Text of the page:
Six second-screen apps just for NFL fans

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In an era of always-near smartphones and tablets, it can be difficult to pay attention to one thing at a time—especially when you’re watching football. How can you resist the urge to zip through your Twitter feed, share your thoughts on that last big play, and constantly check scores for games you’re not watching? And if you’re a fantasy football nut, chances are you’re thinking about a half-dozen players on other teams even when your home team is on the big screen.

If you can’t resist having a second (or third, or fourth) screen in view while watching NFL action on Thanksgiving Day and for the rest of the season, at least make sure you’re using apps that will get you the info you need quickly without taking up too much of your attention span. Here are six apps to consider grabbing, from officially licensed companions to entertaining games that might even make a lackluster showdown seem exciting.

NFL Mobile

The official NFL Mobile (free) app is a handy one to have while watching live games—or trying to follow a game other than the one you’re watching—as you can see each play from the current drive on a replica field, as well as dig into scoring info and game-wide play-by-play details, along with rosters and depth chart details.

Verizon subscribers that pay $5 monthly for the premium subscription can also tune into live games, streaming NFL Network coverage, and NFL RedZone footage via NFL Mobile. And even if you’re on another carrier (or using an iPad without a cellular plan), there’s a subscription plan within for game-day audio.


If you can’t watch the game you really want (or two games at once), NFL Mobile’s at-a-glance recap helps you follow showdowns without seeing them.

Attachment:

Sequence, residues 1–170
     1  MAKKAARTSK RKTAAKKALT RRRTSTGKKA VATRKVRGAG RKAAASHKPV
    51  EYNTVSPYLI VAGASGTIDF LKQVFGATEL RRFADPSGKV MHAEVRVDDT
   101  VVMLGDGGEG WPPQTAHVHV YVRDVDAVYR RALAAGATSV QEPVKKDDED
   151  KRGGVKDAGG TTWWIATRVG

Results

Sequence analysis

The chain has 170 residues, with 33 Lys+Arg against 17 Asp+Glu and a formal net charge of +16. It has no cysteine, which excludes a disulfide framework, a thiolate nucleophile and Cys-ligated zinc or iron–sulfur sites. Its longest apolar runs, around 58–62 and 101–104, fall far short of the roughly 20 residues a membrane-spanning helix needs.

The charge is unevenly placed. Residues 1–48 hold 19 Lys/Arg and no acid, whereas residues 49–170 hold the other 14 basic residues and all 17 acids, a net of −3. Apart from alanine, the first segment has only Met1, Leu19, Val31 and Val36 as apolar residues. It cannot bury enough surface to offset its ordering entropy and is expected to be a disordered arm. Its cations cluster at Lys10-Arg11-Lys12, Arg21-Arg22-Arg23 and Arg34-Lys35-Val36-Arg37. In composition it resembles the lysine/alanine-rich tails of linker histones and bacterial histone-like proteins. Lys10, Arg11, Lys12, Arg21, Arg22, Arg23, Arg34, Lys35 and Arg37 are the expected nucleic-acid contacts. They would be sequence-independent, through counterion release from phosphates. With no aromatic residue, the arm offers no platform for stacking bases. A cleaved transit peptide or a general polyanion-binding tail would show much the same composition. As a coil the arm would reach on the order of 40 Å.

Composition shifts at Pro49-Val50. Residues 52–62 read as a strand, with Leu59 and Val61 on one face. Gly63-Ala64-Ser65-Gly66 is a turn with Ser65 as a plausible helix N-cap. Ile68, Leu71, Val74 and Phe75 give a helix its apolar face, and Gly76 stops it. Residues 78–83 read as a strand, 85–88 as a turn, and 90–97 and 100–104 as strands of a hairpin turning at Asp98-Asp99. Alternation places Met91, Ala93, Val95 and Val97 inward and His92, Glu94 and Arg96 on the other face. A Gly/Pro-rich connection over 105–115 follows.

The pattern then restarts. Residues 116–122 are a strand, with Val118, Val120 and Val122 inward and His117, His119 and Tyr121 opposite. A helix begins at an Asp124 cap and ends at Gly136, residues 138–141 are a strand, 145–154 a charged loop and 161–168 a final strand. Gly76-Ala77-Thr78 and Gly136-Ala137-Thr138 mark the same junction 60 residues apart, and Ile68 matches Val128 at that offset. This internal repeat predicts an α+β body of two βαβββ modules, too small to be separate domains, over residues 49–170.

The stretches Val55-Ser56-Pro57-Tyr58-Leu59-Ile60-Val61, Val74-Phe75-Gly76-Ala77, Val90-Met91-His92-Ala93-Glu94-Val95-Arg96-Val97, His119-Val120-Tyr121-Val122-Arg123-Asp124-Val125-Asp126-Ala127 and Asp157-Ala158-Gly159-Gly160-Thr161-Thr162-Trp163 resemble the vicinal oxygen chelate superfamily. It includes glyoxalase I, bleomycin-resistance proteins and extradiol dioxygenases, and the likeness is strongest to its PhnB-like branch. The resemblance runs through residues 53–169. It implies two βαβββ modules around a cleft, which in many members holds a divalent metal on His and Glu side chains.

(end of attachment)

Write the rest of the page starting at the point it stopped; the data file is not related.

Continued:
Just launched this season, NFL Now (free) is pegged as the league’s big entry into the second screen market—but curiously, the aforementioned NFL Mobile is the more useful overall companion app. Where NFL Now shines is in its collection of video footage from all around the league, including highlights, analysis, documentary series from NFL Network, and more.

The initial free, ad-supported download offers access to a lot of the content. However, the treasure trove of game highlights is limited to premium members that pay $2 a month. If you’re a die-hard fan, though, it’s worth the cash to have that handy access via a slick app: this last week of NFL action alone generated 621 total highlight clips to watch, including 89 “big plays” and 66 touchdowns. That’s a lot to soak in!


NFL Now delivers a repository of video content to sift through, and if you pay for premium access, that includes hundreds of highlights each week.


Viggle (free) is the kind of app that rewards your commitment to television by giving you points, which can be exchanged for real gift cards and the like. It works with a wide array of content and all different kinds of sports, but when you’re watching an NFL game, Viggle pulls up a specialized interface that adds a bit more intriguing interaction.